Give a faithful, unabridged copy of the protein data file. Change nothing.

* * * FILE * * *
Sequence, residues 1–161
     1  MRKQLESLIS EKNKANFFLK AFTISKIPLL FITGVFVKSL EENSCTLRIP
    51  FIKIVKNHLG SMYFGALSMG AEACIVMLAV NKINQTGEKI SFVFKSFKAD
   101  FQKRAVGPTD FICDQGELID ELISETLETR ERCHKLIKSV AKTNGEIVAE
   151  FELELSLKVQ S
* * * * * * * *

Sequence, residues 1–161
     1  MRKQLESLIS EKNKANFFLK AFTISKIPLL FITGVFVKSL EENSCTLRIP
    51  FIKIVKNHLG SMYFGALSMG AEACIVMLAV NKINQTGEKI SFVFKSFKAD
   101  FQKRAVGPTD FICDQGELID ELISETLETR ERCHKLIKSV AKTNGEIVAE
   151  FELELSLKVQ S